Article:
MADISON — Construction crews have broken ground on the next phase of a new affordable housing development in town, called Wellington at Madison.
The buildings at 135-137 Cottage Road will consist of 27 units, 24 of which are designated for people who qualify for affordable housing. The 2.6-acre site already has four market-rate units on the property, bringing the total number of apartments to 31.
The four units, located at the east end of the property, were built while the project was being supervised by a different developer, said Marianne McDermott, director of fundraising and communications for The Caleb Group, a nonprofit that has created affordable housing communities in Connecticut, Massachusetts, New Hampshire and Maine. The project, she said, is in collaboration with HOPE Partnership, Inc., an Essex-based nonprofit that develops affordable housing.
“As an entity, they folded,” McDermott said of the previous developer. “That’s when The Caleb Group was called in to do this. We had to kind of start all over again.”
The Caleb Group took over the project in January 2020.
HOPE Partnership Executive Director Karla Lindquist told CT Examiner that there will be seven one-bedroom units available for households making up to 25 percent of the area median income, six one-bedroom and seven two-bedroom units for households making up to 50 percent, and four two-bedrooms for households making up to 60 percent.
The remaining units are designated as market-rate homes.
Part of the Wellington at Madison project involves remodeling the Henry Josiah Miegs House at 131 Cottage Road, erected in 1808. The exterior of the building was preserved, as well as the fireplaces and some of the original interior wood details.
Four units will be constructed within the house, McDermott said, with at least three of them expected to be affordable housing units.
“We’re excited to preserve the Miegs house and integrate it into this community,” she said. “… Every community in the United States needs affordable housing,” she said.
McDermott described Madison as a “high opportunity community” for affordable housing projects.
“The community was supportive of this and was supportive and welcoming and wanted to do this project,” she said. “Towns like that, it costs a lot to live in those communities. There are a lot of different scenarios. People do need affordable housing. It allows for people like older people or young families or working class families. Everyone would benefit from living in a community like Madison.”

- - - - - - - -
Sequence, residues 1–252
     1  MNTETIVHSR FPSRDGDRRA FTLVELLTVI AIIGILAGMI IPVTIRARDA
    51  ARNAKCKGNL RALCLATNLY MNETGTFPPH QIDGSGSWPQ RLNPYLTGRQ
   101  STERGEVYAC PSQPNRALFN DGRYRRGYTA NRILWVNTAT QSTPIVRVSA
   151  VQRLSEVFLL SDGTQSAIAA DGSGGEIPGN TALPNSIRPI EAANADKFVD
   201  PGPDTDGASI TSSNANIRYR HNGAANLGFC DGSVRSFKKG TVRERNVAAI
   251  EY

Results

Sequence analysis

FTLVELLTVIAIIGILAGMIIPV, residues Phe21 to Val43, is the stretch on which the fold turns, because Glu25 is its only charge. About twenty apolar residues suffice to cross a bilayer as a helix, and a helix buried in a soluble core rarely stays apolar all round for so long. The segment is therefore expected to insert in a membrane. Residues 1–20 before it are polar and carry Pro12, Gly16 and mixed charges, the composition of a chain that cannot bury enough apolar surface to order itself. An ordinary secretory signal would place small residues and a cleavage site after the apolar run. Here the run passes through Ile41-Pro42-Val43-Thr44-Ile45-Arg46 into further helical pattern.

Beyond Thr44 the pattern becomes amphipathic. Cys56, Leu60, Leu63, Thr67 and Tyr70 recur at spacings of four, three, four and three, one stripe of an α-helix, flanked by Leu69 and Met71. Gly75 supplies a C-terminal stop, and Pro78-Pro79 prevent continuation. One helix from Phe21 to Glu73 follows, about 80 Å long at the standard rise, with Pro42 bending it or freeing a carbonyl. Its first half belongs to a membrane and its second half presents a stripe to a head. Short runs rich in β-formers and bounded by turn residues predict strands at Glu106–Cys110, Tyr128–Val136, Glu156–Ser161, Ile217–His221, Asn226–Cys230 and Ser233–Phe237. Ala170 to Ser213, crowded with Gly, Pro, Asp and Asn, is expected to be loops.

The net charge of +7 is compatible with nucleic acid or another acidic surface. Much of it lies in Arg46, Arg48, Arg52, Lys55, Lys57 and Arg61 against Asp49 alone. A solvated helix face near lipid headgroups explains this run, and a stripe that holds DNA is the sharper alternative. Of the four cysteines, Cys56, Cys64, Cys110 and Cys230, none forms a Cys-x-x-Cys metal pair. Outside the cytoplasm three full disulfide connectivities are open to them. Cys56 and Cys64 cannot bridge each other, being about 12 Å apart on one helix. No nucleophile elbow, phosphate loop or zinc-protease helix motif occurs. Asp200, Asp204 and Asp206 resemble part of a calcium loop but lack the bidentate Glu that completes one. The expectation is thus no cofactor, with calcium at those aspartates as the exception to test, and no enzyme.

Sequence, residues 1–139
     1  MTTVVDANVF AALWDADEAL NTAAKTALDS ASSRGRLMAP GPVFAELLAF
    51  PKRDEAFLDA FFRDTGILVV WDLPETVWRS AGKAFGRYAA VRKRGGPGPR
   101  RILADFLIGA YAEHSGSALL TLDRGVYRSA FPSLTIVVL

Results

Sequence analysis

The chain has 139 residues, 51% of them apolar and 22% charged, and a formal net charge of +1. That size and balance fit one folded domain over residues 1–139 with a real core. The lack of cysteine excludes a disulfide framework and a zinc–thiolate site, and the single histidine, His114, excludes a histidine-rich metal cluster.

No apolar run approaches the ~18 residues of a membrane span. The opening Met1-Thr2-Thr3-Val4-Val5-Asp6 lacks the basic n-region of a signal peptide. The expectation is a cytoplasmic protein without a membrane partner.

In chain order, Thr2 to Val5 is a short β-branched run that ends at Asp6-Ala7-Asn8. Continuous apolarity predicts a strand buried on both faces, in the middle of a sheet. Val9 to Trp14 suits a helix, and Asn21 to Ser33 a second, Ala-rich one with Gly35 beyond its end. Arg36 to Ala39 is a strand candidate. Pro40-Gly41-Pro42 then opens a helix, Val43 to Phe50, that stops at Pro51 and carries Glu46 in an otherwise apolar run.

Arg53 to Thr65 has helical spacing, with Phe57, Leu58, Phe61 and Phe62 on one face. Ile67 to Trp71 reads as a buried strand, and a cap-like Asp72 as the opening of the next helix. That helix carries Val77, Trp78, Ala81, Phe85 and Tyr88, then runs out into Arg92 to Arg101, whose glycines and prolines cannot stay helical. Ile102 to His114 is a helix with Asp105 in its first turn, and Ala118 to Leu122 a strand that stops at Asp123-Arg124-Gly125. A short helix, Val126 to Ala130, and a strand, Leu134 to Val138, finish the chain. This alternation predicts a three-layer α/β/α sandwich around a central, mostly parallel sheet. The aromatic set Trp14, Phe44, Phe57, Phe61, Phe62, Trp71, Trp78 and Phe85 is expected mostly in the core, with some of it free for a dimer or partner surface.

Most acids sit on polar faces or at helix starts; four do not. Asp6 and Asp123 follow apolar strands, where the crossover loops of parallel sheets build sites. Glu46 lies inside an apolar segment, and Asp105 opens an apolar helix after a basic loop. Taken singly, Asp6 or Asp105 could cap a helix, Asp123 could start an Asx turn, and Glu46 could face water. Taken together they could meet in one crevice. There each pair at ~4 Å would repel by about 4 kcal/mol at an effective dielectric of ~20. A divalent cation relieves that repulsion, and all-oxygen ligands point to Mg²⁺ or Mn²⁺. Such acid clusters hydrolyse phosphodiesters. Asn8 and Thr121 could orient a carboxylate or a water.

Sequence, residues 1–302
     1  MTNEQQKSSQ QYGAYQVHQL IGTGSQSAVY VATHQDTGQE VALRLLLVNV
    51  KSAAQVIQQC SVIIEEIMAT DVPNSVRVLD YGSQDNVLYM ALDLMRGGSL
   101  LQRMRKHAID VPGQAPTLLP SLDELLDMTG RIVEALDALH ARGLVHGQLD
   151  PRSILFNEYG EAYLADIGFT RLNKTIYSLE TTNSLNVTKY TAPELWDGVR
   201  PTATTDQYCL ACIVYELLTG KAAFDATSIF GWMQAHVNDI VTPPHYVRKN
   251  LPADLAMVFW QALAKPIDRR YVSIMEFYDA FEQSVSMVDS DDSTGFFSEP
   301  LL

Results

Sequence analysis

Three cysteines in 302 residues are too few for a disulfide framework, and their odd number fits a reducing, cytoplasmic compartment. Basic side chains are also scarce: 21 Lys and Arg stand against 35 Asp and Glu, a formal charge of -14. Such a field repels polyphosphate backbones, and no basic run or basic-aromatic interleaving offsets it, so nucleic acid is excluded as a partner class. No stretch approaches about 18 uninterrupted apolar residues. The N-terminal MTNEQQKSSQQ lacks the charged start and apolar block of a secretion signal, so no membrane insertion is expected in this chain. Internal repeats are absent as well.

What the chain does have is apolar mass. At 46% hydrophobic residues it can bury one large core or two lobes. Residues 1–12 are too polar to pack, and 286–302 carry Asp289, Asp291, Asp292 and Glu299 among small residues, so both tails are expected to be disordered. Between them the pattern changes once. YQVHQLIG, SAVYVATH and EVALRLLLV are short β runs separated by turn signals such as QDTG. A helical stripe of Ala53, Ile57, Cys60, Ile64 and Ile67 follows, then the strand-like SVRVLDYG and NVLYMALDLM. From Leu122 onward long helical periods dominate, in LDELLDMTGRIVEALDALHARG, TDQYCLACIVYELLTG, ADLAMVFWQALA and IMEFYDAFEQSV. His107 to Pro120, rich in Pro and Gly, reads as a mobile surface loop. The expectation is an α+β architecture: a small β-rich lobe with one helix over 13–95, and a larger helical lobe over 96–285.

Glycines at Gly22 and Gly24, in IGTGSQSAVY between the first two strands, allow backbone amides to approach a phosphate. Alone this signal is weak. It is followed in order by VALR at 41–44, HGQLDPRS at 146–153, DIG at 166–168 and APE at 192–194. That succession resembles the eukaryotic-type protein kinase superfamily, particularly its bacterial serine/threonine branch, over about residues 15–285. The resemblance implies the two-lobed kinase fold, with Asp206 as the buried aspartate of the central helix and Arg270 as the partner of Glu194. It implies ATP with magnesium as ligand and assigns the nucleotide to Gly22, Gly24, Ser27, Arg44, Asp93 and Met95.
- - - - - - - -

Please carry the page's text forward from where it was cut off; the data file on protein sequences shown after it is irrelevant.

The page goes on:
The community will hopefully be finished in about a year’s time, she added.
For people looking to apply for the housing units, registration dates have not yet been determined.
“We try not to start a list a year in advance,” she said. “Sometimes it offers false promises. When we have a strong sense of when the property will be completed, we’ll start on applications. The property manager will be beginning a list. People express interest before the project is even completed.”
Depending on the amount of applicants, McDermott said, there may be a lottery. Once applications open, they will be available on the HOPE Partnership website and managed by Demarco Management Corporation.
“With the amount of interest I have been receiving over the past year and a quarter, we’re definitely not concerned we’ll need to advertise it,” Lindquist said.
First Selectman Peggy Lyons said Thursday that she was excited to see more affordable housing being built, adding that the town is working toward the 10 percent affordable housing goal set by the state.
“Most communities have struggled with that. In some ways it’s an unrealistic goal. It’s a challenge,” she said.
One challenge, she explained, is that it’s more cost effective to build dense housing. But there’s a lack of infrastructure in town to accommodate larger communities with affordable housing, she said, plus residents don’t want larger units.
“What’s nice about this is it’s sort of a sweet spot,” she said. “It’s able to operate with a septic system and it’s creating housing options for people.”
Though the project offers more options for Madison residents, Lyons noted there can’t be preferential treatment for locals in the application process.
“I think it’s going to be a great addition to our town,” she said. “We’re excited to see it launched.”